Taylor Swift Is Reborn (Again) in Her Glittery New Single 'ME!'
Popstars change up the image of themselves every so often; it comes with the territory. For years, Taylor Swift's version of this had been mild. Sure, as her music drifted away from country riffs, she left behind cowboy princess aesthetic that made her famous. Even in the Red and 1989 eras, she didn't shake things up that much, she just grew up. She experimented with slightly edgier themes in songs like "Blank Space," riffing on her boy-focused publicity and acknowledging the notion that sex exists. Still, she maintained that she was everyone's best, very famous friend who invites fans to her home(s) and loves cats.
Then Katy Perry and Kim Kardashian happened, and Swift found herself combating a narrative that painted her as a deceptive opportunist. So on 2017's Reputation, she tried to ditch the "nice girl" aesthetic she had preserved for over 10 years once and for all. On "Look What You Made Me Do," she cooed in a spoken word section -- she loves those! -- that the Old Taylor couldn't come to the phone now because she's dead. She embraced black, leather, and trendy streetwear, donning smokey eyes and a tough guise.
Now it seems that the Most Recent Taylor has been demolished in favor of the Old Taylor again. The Old Old Taylor. In the weeks leading up to the midnight release of her new single "ME!", Swift had flooded her Instagram with pastel-colored clues, ditching the gothic tones of the Reputation age for jewels, butterflies, and rainbows, teasing '4.26' as the date to watch. Fans dug through her hints in order to guess what was coming. One (fairly convincing) theory: She was going to come out as bisexual, confirming rumors that she had been in a relationship with her erstwhile BFF Karlie Kloss. That was not the case.
A mastermind of corporate synergy, Swift announced the song and video on ABC's broadcast of the NFL Draft alongside Robin Roberts. It arrived at 12am as promised, a bubblegum pop confection featuring Brendon Urie of the theater-loving pop-punk outfit Panic! At The Disco. The track seems designed to appeal to the widest audience possible. It's almost shocking that it wasn't written for an animated film, à la Pharrell's "Happy" (Minions) or Justin Timblerake's "Can't Stop The Feeling" (Trolls). (I was, however, served a Taylor-branded ad for The Secret Life of Pets 2 on YouTube before watching the video.)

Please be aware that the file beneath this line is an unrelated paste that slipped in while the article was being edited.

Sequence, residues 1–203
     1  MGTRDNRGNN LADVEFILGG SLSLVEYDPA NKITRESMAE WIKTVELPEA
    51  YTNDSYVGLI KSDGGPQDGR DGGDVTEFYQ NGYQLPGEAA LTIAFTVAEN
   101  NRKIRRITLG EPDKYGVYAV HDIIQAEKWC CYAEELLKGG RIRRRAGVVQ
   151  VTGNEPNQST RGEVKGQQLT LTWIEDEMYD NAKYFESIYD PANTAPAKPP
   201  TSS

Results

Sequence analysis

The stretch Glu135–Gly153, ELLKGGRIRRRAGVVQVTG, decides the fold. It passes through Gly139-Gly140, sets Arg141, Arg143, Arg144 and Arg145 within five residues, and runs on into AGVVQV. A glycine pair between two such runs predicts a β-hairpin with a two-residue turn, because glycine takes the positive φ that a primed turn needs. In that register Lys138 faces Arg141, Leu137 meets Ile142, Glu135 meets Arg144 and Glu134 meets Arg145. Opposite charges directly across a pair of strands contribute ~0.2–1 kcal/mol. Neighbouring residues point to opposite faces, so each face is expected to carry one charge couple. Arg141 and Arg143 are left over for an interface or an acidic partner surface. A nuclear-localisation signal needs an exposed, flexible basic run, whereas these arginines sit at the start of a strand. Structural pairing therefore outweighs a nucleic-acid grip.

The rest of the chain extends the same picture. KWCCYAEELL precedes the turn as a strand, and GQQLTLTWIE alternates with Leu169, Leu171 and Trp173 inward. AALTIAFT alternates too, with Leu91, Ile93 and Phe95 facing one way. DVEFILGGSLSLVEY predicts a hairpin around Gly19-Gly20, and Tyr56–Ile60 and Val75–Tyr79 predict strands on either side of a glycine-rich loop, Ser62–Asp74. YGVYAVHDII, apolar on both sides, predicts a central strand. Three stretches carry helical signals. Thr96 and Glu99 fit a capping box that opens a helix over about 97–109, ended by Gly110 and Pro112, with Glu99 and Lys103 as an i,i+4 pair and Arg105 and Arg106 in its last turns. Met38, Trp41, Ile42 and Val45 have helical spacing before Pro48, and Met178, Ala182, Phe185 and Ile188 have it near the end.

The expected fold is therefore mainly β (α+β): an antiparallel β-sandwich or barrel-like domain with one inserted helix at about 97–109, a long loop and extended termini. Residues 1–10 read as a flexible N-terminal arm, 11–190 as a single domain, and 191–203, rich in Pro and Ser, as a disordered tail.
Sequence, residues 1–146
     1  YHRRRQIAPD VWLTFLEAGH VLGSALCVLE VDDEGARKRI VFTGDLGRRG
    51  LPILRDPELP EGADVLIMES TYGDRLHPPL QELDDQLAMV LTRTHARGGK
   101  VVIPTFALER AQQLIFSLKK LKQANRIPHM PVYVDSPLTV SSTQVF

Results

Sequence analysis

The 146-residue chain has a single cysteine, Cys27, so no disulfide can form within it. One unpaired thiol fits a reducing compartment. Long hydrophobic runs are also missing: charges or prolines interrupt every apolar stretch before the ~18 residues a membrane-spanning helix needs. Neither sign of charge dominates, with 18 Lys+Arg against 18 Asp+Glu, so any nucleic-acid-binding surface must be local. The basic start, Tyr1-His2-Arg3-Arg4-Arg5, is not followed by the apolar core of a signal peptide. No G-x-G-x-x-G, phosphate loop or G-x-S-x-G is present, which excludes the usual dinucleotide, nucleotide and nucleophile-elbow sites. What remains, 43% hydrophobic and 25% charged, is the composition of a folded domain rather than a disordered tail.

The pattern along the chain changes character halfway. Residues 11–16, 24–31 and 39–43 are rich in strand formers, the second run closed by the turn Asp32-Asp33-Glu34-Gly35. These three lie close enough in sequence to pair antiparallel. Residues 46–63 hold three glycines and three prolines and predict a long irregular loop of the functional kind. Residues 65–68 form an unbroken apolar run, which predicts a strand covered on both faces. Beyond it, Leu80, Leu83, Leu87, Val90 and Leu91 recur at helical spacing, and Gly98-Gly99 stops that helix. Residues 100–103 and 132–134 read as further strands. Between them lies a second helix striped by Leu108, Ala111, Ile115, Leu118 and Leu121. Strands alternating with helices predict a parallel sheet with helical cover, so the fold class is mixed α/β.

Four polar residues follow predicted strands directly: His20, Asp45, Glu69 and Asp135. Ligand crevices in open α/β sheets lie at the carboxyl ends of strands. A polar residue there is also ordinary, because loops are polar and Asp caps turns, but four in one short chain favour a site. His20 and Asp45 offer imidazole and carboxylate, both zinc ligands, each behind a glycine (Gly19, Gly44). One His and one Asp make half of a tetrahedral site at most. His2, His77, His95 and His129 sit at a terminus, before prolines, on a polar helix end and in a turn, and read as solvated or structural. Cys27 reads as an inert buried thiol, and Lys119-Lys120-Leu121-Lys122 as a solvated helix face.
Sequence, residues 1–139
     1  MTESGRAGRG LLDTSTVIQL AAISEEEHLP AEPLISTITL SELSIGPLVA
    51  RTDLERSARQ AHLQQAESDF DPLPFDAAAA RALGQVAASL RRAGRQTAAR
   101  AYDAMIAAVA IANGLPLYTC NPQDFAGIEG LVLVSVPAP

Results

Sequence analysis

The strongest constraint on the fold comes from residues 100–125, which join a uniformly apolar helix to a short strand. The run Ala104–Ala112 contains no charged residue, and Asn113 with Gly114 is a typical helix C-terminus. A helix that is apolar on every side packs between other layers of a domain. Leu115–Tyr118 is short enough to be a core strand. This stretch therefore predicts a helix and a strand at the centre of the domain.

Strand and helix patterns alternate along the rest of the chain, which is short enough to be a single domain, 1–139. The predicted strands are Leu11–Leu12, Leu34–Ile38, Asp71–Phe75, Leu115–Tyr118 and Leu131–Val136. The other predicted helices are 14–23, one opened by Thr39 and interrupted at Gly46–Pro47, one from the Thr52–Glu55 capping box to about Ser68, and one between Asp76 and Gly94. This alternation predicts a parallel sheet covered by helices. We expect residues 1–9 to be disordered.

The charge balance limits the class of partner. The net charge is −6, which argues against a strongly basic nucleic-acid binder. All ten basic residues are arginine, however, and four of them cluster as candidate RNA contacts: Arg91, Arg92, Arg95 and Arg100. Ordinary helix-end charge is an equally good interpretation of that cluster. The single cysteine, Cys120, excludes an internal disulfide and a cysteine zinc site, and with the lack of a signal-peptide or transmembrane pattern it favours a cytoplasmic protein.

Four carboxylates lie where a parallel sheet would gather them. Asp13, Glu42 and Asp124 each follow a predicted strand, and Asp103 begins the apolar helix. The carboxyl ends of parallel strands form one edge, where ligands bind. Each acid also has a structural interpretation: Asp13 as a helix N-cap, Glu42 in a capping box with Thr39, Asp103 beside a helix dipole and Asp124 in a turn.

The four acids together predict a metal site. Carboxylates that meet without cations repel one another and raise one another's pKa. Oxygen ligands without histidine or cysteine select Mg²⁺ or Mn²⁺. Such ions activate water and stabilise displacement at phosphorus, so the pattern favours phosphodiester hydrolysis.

The "ME!" video opens with snake, the animal that became her mascot in the last album cycle. She had reclaimed the reptile after Kardashian fans began flooding her Instagram with snake emojis after the controversy over Kanye West's song "Famous." Now, however, as the unlikely pink creature slithers toward the camera, it disappears into a cloud of butterflies.
Elsewhere, she alludes to the demise of evil Reputation-era Taylor as she sings, "I know that I went psycho on the phone," gesturing to a pink rotary phone sitting on a cloud.
The rest of the video is a candy-coated fantasy that plays like a mash-up of Moulin Rouge, Umbrellas of Cherbourg, Mary Poppins, Austin Powers, and Trolls. It leans unabashedly into the corniness of the love song, in which she proclaims, "promise that nobody's going to love you like me." And to that end, fans have spotted winking tributes to her current British boyfriend, The Favourite star Joe Alwyn, including shots of the London skyline. (Oh, she also got a new kitten, who makes a cameo.)
But the more intriguing Easter eggs are the ones that foreshadow the rest of the album to come. In one section, she prominently features a portrait of the Dixie Chicks alongside paintings of actual chickens. In another, she wears cowboy boots. All this serves as a warning: It looks like she's going country again, or at least embracing a taste of the sound she fully ditched a couple of albums ago. Meanwhile, the Dixie Chicks have been reportedly working alongside frequent Swift producer Jack Antonoff, and Swift put up a promotional billboard for "ME!" in her adopted hometown of Nashville.
There's actually never been a better time for Swift to go back to country, given that the "yeehaw agenda" meme has blossomed into a full on cultural movement thanks to the success of Lil Nas X's "Old Town Road." But Swift decided not to lead with that, instead offering up a tune that seems destined for wedding flash mobs and mild critical reception. The "ME!" release was more about the announcement of Taylor's new persona, which looks a lot like the (very) Old Taylor, the one whose guiding principles were fairy tales and glitter. It seems Taylor Swift has gotten the traditional happily ever after she always dreamed about -- she's restored herself in the public's good graces, for the most part, and is covertly demonstrating she has the fantasy-perfect, heteronormative romance that was the endgame of early songs like "Love Story." But for the fans who have grown up with her, going so far back in time might feel something like an unwelcome regression.